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imported_Thumper
2012-May-02, 02:42 PM
Using latest Firefox browser with MS VISTA, NVIDIA color .
After some difficulty I finally settled on the best color/hue/contrast setting for balancing the Viewsonic CRT monitor button controls and the NVIDIA color Panel adjustments for general crater marking (for my eyes and room lighting so would be no help to others to post that).
But for the 'cheating' part: I use a screen zoom level that fills a 23" screen with just the normal gray-tone moon image and marking controls. After marking all the potential craters found that way, I discovered that if I placed the cursor just past the edge of the image, held a left click and dragged the cursor back onto the image, the (somewhat) dull gray-tone changed to a much brighter blue-tone image. While this is just the 'highlighting' of the SELECT Mode, the resulting change of contrast sometimes allowed picking out additional faint features. It aided for finding the older 'weathered edges' crater locations. Then tap the mouse key to return to normal mode to mark the crater. Has anyone else used this or other easy image enhancement techniques?
So the 'cheating' question: Is it better for the project to maybe add some additional older faint craters to the totals or does this technique mess with your determination of finding the best illumination angles and image contrast for future image identification programs?

Would it be possible/useful to add software program controls for the user to change image overall color, or maybe a flip to a negative image? Just joined on 1 May. Thanks.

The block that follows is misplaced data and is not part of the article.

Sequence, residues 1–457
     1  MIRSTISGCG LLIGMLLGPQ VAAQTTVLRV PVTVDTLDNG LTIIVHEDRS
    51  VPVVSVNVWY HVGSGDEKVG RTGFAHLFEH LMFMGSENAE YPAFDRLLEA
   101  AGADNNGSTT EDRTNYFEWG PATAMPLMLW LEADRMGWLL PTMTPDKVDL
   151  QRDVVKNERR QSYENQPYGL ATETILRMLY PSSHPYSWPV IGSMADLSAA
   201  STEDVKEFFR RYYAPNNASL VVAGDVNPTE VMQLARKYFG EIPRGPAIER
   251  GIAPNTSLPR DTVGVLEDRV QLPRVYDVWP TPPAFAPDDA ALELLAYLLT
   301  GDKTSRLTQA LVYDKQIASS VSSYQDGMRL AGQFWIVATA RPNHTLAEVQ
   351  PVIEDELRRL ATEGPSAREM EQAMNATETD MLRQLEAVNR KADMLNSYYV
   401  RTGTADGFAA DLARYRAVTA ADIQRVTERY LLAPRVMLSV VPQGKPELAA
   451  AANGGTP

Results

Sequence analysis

kmasterdo
2012-May-02, 06:33 PM
Welcome to CosmoQuest, Thumper! I'll point the science team to your question.

astrostu
2012-May-02, 06:40 PM
Hi Thumper - your method is not cheating, though I think very few people will do it. When experts identify craters, we all use a wide array of techniques, but almost all of them allow us to actively zoom in and out and adjust contrast and brightness. Our interface on MoonMappers doesn't allow this because we wanted to keep it as simple as possible, but you doing this yourself is perfectly fine.

If I'm using the interface, I'll often CTRL+(mouse scroll up) (I'm on a Mac) which zooms the screen in to over-sample the image. A bigger image on-screen makes it easier for me to be more precise.

The only words of caution would be to make sure when you do this, you aren't just bringing out artifacts. I almost entitled my doctoral dissertation (where I identified 700,000 craters on Mars, by hand): "Martian Crater Identification: An Exercise in Pareidolia (http://en.wikipedia.org/wiki/Pareidolia)."

imported_Thumper
2012-May-03, 12:22 AM
Thanks. It probably wouldn't matter much anyway as my learning curve looks like a doodlebug trail - bouncing between over and under identifying craters.